In terms of political embarrassments, it doesn’t come much worse than yesterday for Labor. After the bluster and high dudgeon of Monday’s question time, in which ministers were put on the spot by Labor to repeat their denials of bribing people smugglers, yesterday Labor was schtum on the subject in the House. Not a word. The only questions asked about people smuggling and bribery were by the government, mocking the transformation of Labor’s prosecutorial venom into humiliated silence.
The result, of course, of the reports that bribes to people smugglers had been paid under Labor as well.
It wasn’t quite as bad in the Senate, where Penny Wong put questions to the sublimely awful George Brandis on the issue, but carefully phrased around the comments of Indonesian ministers and officials. The Indonesian vice-president, foreign minister and security minister thus became human shields for Labor’s embarrassment. To follow up Wong, Kim Carr asked about the leaking of information about the involvement of intelligence services in the bribery to News Corp. But only the Greens were prepared to directly ask questions on the subject that had so animated Labor just 24 hours earlier.
It was a potent demonstration of just how feeble Labor is, a party that had enjoyed the unexpected gift of an incompetent government for so long that it appears to have become even less skilled at communication than it was in government. The Coalition bribed people smugglers to smuggle people back to Indonesia, despite claiming that people smuggling funds terrorism. The Coalition had an extremist charged with violent crimes write to it to ask if it was OK if he contacted Islamic State and did nothing about it, hid the letter from the Lindt Cafe siege inquiry and misled Parliament about it. The Coalition cabinet is badly split on handing a fool like Peter Dutton unfettered power to strip people of their citizenship. But Labor is the party feeling under pressure on national security.
No wonder Abbott intends to keep hyping terrorist hysteria all the way to the next election. Labor’s ineptitude is so great it even makes his own look tolerable.
That’s the politics. But yesterday was important for other, underlying reasons. Bill Shorten, echoing the government in response to his own questions, insisted to journalists inquiring about bribing people smugglers “when it comes to security matters, we simply don’t comment”. Like the government, he offers no justification for that; like the government, he relied on that refusal to comment to avoid embarrassment. Treating Australians with contempt about national security matters is a bipartisan game.
But Richard Marles, Labor’s normally invisible immigration spokesman, also refused to answer questions yesterday about what the Australian Secret Intelligence Service might have done in terms of bribing people smugglers, because to do so would be illegal. It’s not clear that Marles is necessarily correct, but the “official secrets” sections of the Crimes Act might apply if he were to state what he knew about ASIS’ activities in bribing people smugglers. Let’s assume that he is correct and put aside the inconvenience that senior intelligence officials and governments frequently reveal ASIS’ activities for their own purposes — indeed, that the possible role of ASIS in bribing people smugglers was leaked to a favoured media mouthpiece. Marles is saying that a politician is unable to reveal the activities of ASIS even if those activities are illegal — as bribing people smugglers may well be under both people smuggling and funding terrorism laws.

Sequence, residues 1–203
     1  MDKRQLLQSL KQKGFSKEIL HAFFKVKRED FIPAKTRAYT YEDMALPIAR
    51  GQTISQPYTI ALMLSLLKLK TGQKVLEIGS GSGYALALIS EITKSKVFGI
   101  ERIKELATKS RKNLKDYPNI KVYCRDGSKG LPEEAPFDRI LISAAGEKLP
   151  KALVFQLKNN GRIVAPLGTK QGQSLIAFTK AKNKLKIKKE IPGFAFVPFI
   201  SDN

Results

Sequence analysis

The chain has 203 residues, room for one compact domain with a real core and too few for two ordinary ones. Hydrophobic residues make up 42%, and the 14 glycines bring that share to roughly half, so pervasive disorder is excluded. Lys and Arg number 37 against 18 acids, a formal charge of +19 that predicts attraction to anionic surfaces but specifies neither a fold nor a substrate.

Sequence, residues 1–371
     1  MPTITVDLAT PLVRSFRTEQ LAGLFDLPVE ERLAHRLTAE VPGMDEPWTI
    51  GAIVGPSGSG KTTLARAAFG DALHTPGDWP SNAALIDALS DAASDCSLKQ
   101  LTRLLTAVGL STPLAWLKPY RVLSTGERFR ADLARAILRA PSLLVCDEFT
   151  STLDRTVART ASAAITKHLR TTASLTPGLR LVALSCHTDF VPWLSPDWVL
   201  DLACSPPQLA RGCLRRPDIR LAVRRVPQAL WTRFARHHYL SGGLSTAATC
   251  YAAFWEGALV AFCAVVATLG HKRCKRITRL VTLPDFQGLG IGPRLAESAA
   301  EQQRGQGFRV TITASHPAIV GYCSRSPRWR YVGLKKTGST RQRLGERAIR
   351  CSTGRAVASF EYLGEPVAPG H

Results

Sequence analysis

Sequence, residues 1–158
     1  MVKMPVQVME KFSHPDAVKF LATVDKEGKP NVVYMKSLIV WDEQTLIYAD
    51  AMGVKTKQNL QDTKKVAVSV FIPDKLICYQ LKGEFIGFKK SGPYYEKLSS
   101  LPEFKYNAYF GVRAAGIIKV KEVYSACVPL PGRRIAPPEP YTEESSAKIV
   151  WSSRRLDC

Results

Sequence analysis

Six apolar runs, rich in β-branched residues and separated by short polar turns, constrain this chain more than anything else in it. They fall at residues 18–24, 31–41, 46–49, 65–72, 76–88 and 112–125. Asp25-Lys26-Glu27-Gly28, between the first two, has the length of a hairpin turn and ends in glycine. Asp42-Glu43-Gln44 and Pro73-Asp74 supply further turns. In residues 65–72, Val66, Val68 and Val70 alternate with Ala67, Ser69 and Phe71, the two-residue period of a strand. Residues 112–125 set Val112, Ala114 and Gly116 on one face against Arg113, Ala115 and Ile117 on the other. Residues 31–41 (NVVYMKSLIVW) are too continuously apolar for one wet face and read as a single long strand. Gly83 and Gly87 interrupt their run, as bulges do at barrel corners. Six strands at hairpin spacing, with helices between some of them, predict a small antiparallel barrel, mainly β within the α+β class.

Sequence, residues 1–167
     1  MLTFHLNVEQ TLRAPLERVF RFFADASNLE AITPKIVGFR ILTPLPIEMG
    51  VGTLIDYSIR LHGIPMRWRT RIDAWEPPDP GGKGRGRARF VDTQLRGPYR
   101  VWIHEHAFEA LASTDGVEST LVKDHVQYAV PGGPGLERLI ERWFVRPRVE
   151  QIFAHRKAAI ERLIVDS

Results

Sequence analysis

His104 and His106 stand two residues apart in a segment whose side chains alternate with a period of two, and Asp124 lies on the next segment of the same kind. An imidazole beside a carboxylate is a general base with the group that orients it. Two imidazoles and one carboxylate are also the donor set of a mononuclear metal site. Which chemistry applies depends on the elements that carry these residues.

So where do we turn for an investigation of whether ASIS broke the law? This isn’t, of course, the first time ASIS has committed a crime. But if the opposition won’t, or is so incompetent that it cannot, do its job of holding the government and its agencies to account, where do we look? The Inspector-General of Intelligence and Security? As has been repeatedly demonstrated, there are serious questions about Vivienne Thom, the outgoing IGIS, a woman who couldn’t even be bothered investigating ASIS’ illegal behaviour in bugging the East Timorese cabinet, and who appeared relaxed in the face of being misled by ASIS about a firearms incident. In any event, Thom insists she must work in secret, so any investigation would be out of the public gaze.
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If the IGIS won’t do its purported job, who else? Senate committees won’t get far trying to ask intelligence agencies questions about operational matters. And under existing law, the Joint Committee on Intelligence and Security cannot initiate a review into the possibility of illegal behaviour by ASIS or any other agency (and, who knows what benefits a corrupt ASIS agent might obtain when bribing crooks like people smugglers?)
Indeed, JCIS can’t initiate anything — it must be tasked to conduct inquiries by the government. There’s no one to inquire into such law-breaking.
Under a US-style independent congressional intelligence committee that is clearly separate from the executive, this could be investigated. It’s the Senate Intelligence Committee, after all, that was engaged for years in a knock-down, drag-out fight with the CIA over torture — a fight the committee won. Under reforms that the now-retired John Faulkner wanted to introduce — and which Labor continues to sit on — we would have moved closer to the US model by giving JCIS the power to initiate its own inquiries, even if there would not have been genuine separation between the executive and the committee.
But as it stands, possible crimes by ASIS and other intelligence agencies are protected from scrutiny and investigation unless a government is forced to commission one. And both sides are complicit in that, as Shorten’s pathetic “we simply don’t comment” demonstrates.